When: May 19, 2016
Where: Helms Bakery, 8745 Washington Blvd., Culver City, CA 90232
Tickets: Open to the Public, Free Admission
Todd Gannon is an architect, writer, and curator based in Los Angeles. A graduate of The Ohio State University (BS Arch, M. Arch) and UCLA (Ph.D.), he taught at Ohio State, Otis College of Art and Design, and UCLA before joining the faculty at SCI-Arc in 2008, where he teaches history, theory, and design studio; coordinates the Cultural Studies curriculum, and serves as editor of academic publications.
Gannon’s research focuses on the history and theory of late 20th-century and contemporary architecture. His published books include The Light Construction Reader (2002), Pendulum Plane/Oyler Wu Collaborative (2009), Et in Suburbia Ego: José Oubrerie’s Miller House (2013), and monographs on the work of Morphosis, Bernard Tschumi, UN Studio, Steven Holl, Mack Scogin/Merrill Elam, Zaha Hadid, and Peter Eisenman. His essays have appeared in The Routledge Handbook for Architectural Design and Practice (2015), The SAGE Handbook for Architectural Theory (2012), The Mourning After: Attending the Wake of Postmodernism (2007), and in periodicals including Log, The Architect’s Newspaper, and Offramp. In collaboration with Ewan Branda and Andrew Zago, he curated the 2013 exhibition A Confederacy of Heretics at SCI-Arc, which examines the legacy of Thom Mayne’s 1979 “Architecture Gallery” in Venice, California. His next books, Reyner Banham and the Paradoxes of High Tech Architecture and Eric Owen Moss Architects/3585 are forthcoming. Currently, he is at work editing a compilation of Craig Hodgetts’ architectural writings and researching a monograph on the work of Franklin D. Israel.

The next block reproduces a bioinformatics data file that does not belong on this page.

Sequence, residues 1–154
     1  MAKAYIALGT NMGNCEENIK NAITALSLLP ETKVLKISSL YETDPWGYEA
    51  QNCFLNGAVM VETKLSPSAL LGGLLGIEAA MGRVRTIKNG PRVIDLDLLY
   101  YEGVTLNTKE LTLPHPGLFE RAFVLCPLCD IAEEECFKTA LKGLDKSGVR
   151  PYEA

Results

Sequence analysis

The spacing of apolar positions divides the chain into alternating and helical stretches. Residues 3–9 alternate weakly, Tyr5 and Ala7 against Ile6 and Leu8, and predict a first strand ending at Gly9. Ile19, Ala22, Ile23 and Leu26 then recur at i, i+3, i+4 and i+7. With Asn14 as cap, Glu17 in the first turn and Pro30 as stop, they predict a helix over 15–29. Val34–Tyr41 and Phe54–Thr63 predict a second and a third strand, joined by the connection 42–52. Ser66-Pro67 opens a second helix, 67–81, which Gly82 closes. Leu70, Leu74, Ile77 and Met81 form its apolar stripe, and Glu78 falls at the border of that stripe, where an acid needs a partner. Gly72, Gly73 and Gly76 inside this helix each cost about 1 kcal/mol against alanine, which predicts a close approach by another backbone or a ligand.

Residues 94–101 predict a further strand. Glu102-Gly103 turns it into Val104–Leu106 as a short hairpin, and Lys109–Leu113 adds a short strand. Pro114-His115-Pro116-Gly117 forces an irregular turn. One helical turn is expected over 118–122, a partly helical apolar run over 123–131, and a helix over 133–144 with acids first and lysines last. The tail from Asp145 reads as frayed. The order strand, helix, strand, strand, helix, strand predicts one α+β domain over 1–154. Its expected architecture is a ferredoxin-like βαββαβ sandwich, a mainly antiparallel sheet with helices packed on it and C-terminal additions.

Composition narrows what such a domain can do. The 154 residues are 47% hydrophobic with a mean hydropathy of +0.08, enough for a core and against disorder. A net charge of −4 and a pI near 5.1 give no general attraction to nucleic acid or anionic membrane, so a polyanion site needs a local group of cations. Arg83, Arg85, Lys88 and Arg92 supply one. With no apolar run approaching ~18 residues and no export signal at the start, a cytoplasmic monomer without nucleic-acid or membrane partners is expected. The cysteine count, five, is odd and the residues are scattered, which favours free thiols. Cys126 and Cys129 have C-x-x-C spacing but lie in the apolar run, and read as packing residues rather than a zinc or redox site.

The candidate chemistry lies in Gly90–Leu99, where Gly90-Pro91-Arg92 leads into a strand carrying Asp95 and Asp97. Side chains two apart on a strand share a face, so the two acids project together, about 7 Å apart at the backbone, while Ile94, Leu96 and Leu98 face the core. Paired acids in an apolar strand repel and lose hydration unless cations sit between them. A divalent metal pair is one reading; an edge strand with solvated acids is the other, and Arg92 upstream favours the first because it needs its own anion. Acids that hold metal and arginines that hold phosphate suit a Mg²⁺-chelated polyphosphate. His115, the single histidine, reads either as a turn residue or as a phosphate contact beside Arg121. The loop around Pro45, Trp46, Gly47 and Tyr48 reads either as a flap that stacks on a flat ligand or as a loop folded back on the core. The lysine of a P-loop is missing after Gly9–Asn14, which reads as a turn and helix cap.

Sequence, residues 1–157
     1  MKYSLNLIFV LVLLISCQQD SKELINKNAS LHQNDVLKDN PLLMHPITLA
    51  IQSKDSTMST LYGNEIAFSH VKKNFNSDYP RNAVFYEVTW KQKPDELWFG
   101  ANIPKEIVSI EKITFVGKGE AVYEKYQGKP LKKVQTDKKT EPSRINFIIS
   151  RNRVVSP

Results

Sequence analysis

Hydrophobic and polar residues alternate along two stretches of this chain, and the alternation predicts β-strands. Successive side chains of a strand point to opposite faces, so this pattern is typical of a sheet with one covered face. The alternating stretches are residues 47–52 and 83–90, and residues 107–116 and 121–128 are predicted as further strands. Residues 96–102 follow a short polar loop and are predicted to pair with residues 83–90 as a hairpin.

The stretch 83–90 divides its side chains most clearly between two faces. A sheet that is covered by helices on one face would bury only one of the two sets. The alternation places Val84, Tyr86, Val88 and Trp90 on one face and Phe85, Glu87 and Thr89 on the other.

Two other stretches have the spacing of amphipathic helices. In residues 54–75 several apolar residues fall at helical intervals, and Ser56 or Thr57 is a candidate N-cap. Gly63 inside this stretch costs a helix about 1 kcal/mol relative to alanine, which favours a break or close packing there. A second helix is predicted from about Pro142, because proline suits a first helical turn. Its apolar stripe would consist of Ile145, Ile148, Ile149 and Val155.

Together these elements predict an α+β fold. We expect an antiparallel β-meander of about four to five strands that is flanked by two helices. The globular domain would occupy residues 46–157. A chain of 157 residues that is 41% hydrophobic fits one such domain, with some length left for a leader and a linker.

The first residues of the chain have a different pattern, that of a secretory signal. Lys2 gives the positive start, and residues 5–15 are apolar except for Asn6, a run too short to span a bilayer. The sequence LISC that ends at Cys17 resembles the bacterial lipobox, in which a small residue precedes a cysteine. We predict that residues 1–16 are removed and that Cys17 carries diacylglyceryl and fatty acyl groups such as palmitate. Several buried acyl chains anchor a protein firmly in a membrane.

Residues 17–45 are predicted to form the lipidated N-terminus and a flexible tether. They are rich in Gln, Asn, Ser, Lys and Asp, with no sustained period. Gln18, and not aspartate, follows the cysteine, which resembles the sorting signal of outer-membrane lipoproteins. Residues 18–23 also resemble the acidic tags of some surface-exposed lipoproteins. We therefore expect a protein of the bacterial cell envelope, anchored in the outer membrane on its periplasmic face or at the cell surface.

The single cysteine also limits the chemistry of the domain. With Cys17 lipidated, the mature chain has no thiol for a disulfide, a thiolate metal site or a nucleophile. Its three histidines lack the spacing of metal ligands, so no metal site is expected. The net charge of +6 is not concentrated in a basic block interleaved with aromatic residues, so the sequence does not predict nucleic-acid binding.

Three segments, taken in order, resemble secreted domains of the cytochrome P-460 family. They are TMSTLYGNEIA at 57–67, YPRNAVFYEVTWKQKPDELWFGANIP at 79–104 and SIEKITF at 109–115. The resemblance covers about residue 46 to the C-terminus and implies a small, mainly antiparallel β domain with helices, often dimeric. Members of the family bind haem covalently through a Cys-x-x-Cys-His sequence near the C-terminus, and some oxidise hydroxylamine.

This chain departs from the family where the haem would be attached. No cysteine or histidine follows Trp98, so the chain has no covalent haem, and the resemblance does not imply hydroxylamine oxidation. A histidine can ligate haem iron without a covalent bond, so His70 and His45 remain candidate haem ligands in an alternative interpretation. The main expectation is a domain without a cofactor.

Gannon has lectured at institutions across the United States, in Europe, and in Asia, and is a frequent conference participant and jurist. He served on the board of directors of the Los Angeles Forum for Architecture and Urban Design, where he directed publication efforts from 2008-2010. His work has been recognized and supported by the Graham Foundation, the Getty Foundation, the National Endowment for the Arts, the American Institute of Architects, the City of Los Angeles Department of Cultural Affairs, The Ohio State University, and UCLA. CALA and AIA|LA are among the prestigious co-sponsors of this event.